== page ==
BLOCKING PAIN, Part IV: Putting the mind “to sleep”

One of the most remarkable ways to block pain is exemplified by people who go under the surgical knife hypnotized. Hypnosis was originally called Mesmerism after Franz Mesmer, an 18th century Austrian doctor. Mesmer’s bizarre claims about maintaining the “invisible body fluid balance with magnetic rods” were proven unscientific and the hypnotist became a stage figure of a man dressed in black who would wave some shining pendant in front of the immobilized audiences and order them to do stupid things. It took many years for hypnosis to be recognized as a real tool against pain and other ailments. While a British surgeon, Dr. Esdaile described eloquently the amazing details of surgeries he witnessed under hypnosis in his marvelous book published in 1846, only in 1958 the American Medical Association recognized hypnosis as an acceptable form of pain control.

When I started researching the scientific basis of “altered states of consciousness” including hypnosis, to my amazement I came across two unbelievable scientific papers published in 1917 and 1946 in LANCET, one of the most notorious international scientific journals in the world. Two British physicians described their experiments with hypnosis. The first physician reported formation of skin blisters in a man under hypnotic suggestion and concluded that the power of suggestion can create remarkable body changes. The second physician hypnotized patients who had repressed and locked in their unconscious some serious emotional and physical traumas for many years. To his amazement, he then witnessed the appearance of rope marks, bruises, swelling and bleeding, similar to the original injuries many years ago. He concluded that under hypnosis the original injury which “lived in the memory, was recreated in the body”.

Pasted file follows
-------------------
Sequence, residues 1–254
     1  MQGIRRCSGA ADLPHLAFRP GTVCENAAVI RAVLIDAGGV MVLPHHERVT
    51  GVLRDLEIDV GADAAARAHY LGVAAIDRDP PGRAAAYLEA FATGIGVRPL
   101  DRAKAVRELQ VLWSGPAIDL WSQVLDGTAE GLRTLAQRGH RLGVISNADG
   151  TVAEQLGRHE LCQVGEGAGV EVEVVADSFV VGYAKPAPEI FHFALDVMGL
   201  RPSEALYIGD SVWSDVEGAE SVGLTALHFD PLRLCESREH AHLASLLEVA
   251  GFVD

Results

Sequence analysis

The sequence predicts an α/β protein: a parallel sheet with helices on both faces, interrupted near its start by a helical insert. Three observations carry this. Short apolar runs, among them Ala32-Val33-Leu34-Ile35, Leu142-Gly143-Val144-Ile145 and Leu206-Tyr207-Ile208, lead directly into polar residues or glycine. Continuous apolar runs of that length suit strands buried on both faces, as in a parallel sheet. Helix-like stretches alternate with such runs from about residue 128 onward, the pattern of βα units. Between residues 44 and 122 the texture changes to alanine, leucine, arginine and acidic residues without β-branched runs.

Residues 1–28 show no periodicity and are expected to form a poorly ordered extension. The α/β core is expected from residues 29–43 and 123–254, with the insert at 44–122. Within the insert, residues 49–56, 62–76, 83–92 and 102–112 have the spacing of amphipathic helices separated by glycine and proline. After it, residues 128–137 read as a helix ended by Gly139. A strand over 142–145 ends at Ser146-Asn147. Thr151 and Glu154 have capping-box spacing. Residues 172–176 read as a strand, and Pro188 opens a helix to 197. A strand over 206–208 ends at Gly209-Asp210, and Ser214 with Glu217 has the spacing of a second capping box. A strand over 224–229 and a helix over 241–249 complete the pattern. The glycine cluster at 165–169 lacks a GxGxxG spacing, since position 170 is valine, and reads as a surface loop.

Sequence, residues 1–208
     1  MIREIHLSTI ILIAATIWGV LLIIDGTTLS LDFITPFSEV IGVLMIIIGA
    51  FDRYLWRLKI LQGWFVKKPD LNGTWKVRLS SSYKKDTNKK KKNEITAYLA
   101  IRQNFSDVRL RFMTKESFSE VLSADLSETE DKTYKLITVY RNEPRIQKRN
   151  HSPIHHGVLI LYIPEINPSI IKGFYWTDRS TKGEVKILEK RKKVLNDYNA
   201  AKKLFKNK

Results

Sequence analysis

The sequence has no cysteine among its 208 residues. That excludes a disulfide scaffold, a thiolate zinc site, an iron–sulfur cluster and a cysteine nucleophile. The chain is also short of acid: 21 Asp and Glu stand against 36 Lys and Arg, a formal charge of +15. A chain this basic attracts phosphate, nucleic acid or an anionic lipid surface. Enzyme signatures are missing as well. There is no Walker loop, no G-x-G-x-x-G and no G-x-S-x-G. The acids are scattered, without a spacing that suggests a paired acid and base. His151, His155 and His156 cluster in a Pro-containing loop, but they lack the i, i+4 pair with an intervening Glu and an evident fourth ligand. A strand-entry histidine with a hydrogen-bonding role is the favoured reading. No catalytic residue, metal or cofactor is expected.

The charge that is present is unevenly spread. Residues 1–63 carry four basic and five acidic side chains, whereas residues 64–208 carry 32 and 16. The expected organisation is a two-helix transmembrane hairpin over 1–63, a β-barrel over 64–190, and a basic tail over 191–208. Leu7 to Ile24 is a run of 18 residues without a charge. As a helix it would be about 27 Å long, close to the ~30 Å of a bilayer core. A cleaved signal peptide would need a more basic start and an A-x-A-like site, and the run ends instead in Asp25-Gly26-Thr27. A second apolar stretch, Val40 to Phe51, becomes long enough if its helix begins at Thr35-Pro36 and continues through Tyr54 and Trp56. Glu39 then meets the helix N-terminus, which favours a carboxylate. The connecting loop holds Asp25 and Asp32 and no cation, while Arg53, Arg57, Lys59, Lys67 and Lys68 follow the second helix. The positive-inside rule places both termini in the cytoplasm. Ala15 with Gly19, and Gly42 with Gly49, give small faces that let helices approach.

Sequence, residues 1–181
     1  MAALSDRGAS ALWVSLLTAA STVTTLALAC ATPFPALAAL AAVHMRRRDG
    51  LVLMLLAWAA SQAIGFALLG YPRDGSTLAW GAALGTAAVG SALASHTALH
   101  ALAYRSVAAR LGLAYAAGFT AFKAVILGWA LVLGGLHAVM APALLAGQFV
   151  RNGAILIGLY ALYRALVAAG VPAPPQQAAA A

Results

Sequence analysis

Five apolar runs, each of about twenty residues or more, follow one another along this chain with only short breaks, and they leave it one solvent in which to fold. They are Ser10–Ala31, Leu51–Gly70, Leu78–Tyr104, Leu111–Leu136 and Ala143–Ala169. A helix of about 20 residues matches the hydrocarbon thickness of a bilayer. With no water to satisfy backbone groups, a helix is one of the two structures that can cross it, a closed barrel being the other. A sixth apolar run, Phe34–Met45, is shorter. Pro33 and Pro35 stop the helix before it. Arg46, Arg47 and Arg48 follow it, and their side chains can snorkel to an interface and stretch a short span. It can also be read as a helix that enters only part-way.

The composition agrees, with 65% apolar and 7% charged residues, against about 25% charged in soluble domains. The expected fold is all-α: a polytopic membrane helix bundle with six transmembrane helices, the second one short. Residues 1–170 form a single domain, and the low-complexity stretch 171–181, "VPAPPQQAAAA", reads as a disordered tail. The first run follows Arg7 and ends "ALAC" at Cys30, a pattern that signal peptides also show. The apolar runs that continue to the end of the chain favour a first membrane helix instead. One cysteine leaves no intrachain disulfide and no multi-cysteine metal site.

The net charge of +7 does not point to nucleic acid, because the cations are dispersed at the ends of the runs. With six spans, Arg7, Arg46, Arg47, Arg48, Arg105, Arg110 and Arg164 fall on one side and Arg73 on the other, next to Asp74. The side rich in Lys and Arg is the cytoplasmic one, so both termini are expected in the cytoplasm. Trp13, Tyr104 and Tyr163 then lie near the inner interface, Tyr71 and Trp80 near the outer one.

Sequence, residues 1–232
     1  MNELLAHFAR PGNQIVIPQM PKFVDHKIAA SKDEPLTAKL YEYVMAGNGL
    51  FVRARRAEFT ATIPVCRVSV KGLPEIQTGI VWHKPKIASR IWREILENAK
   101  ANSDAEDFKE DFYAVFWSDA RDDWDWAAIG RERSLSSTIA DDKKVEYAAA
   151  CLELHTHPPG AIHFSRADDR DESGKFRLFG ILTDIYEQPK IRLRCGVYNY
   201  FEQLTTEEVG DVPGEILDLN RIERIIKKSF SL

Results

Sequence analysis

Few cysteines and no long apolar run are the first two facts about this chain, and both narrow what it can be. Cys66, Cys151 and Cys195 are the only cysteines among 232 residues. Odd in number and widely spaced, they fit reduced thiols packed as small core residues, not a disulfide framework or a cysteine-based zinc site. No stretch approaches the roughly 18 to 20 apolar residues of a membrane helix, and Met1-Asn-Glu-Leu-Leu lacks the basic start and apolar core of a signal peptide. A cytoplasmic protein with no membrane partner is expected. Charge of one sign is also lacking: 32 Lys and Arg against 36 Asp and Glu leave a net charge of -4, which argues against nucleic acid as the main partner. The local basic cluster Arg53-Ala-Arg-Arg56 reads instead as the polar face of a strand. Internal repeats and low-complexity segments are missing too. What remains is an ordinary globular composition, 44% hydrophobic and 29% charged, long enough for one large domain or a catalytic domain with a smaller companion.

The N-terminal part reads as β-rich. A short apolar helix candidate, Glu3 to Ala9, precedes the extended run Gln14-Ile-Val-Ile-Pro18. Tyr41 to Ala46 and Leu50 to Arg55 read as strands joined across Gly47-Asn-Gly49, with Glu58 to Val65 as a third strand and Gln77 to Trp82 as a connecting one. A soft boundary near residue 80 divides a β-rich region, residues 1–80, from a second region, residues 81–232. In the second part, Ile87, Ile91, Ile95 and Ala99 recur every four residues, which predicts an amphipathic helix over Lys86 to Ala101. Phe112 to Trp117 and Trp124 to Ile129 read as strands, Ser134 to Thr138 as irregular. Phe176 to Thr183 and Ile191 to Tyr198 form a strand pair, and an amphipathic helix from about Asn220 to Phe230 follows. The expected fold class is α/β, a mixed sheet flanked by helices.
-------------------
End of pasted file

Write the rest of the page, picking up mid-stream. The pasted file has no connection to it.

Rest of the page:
In the 1950s hypnosis became the object of serious scientific studies in the Stanford Laboratory of Hypnosis in the United States. From this laboratory in 1974 Dr. Ernest Hilgard reported a ground-breaking experiment on a young woman who immersed her left hand in freezing water while deeply hypnotized, and was told that she would not feel any pain in this hand. She was able, however, to record her pain with the right hand in a piece of paper. Here she was, marking rising levels of pain with the right hand while she never pulled out her left hand from the freezing water, nor did she display any distress. In other words, this woman had a “hidden observer” in her body telling her about pain, though she felt no pain at a conscious level. Dr. Hilgard suggested that part of our “old” brain (the brain that was formed early on in our evolution) could receive and recognize an injurious stimulus, but our evolutionary younger conscious brain is never reached by the pain signal.

Today, scientific studies of the brain (some of which have been conducted by my colleague Dr. Bushnell in McGill University) have shown remarkable changes under hypnosis. We know now that hypnosis is an altered condition or state of consciousness and blocks pain via several mechanisms. First, it suppresses pain by “splitting” consciousness in two levels, as Dr. Hilgard suggested. It also activates special neural circuits in the spinal cord that block pain. Finally, it changes the “meaning of pain”, making it less unpleasant. Clearly, hypnosis does not work through release of endorphins or change in brain waves.